Wake turbulence may have played a role in the American Airlines Flight 587 crash that killed 265 people on November 12, according to crash investigators.
The tail fin of the Airbus A300 jet sheared off after the pilots struggled against the wake turbulence, or wake vortices, left by a Boeing 747 that had taken off less than two minutes earlier.
But adding triangular flaps to the design of aircraft wings dramatically cuts the strength of turbulence generated in a plane’s wake, according to research at the University of California, Berkeley.
‘The wing we designed could make substantial differences in flight safety and airport capacity,’ said Omer Savas, professor of mechanical engineering at UC Berkeley. Savas and former UC Berkeley graduate students Jason Ortega and Robert Bristol experimented with wing designs that would quickly render wake turbulence harmless after takeoffs and landings.
Regulations in the US require two flights to be spaced far enough apart during takeoff and landing to avoid the potential hazards caused by wake turbulence. While wake turbulence alone would not likely have caused the crash of Flight 587 in New York, ‘turbulence in combination with a possible structural problem in the tail fin could be devastating,’ said Savas.
Savas has been testing a design with triangular extensions jutting behind each wing. He has found that with the design, the wake vortices generated dissipate two to three times faster compared with traditional wing designs.
A wake vortex results from the mismatch in speed, direction and pressure of air moving above and below a plane’s wing. These differences govern the lift generated during flight and planes that are large, heavy and moving slowly create stronger wake vortices.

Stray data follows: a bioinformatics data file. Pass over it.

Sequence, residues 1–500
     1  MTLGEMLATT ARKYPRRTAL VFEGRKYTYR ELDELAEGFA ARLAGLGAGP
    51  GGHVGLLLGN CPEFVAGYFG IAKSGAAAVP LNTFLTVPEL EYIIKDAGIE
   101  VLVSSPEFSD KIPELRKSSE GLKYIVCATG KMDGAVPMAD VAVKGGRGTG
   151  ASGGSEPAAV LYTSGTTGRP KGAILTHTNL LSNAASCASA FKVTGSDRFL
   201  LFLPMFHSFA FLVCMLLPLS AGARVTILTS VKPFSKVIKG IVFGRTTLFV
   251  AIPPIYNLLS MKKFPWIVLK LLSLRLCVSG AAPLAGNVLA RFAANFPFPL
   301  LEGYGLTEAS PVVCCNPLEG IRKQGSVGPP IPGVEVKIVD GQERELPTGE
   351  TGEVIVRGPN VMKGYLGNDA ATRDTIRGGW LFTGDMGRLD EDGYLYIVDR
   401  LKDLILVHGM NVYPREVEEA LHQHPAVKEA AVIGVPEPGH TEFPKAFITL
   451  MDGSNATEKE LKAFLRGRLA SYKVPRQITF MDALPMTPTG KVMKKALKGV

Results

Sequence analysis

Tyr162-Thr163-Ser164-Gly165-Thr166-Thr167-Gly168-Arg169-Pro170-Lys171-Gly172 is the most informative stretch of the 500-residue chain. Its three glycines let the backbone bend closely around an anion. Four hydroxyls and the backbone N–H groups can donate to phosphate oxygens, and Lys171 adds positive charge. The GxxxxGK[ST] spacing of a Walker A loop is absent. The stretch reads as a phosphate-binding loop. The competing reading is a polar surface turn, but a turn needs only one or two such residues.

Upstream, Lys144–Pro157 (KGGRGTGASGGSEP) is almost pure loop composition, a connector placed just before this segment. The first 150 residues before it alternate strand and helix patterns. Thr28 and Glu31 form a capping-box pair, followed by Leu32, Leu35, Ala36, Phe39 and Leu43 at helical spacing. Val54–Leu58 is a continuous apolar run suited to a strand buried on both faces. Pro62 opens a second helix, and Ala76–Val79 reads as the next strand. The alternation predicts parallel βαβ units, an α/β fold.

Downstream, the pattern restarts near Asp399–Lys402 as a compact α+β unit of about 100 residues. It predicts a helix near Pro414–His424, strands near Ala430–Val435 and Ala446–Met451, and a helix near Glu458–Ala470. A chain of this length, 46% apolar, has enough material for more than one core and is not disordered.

Depending upon weather conditions and the plane’s speed and size, the wake vortices generated are relatively stable and can stretch a distance of hundreds of wingspans, or three to five miles for a commercial aircraft, said Savas.
For decades, engineers have sought ways to disrupt the stability of wake vortices in efforts to transform the forceful swirls into benign puffs of air. Wing designs have included small pulsing jets mounted at the wing tips, spars and oscillating spoilers. Most of the designs have been ineffective or impractical; some involve moving parts that require greater maintenance.
In tests, Savas’ design created instability in the vortices without generating too much additional drag. The design also has the benefit of involving no actively moving parts.
In an earlier experiment Savas towed tapered sheet metal wings – one a traditional rectangular design, the other with the triangular flaps – in a 70-metre-long water tank at speeds of 1.6 metres per second. Fluorescent dyes marked the vortex wake generated by the 40-centimetre-wide wings.
Savas found that the traditional wing created two stable, counter-rotating swirls from the outside tips. In comparison, the wing fitted with triangular flaps created four vortices, two from the wing tips and two from the flaps. When the flap and tip swirls – each rotating in opposite directions – ran into each other, they quickly became unstable.
Savas has since conducted several other experiments in which he refined the geometry of the triangular flaps. In one test where the flaps span up to half the length of a wing, the wake turbulence began to dissipate four to eight times faster than the wake vortices created by the traditional wing.
Savas said the design would entail some increased drag, but it could be easily compensated for with extra engine thrust during takeoff. After takeoff, the triangular extensions could be retracted so that drag would not be a factor.
Savas is currently working on a pilot program with scientists at NASA Ames Research Centre to incorporate the triangular-flapped wings in aircraft designs.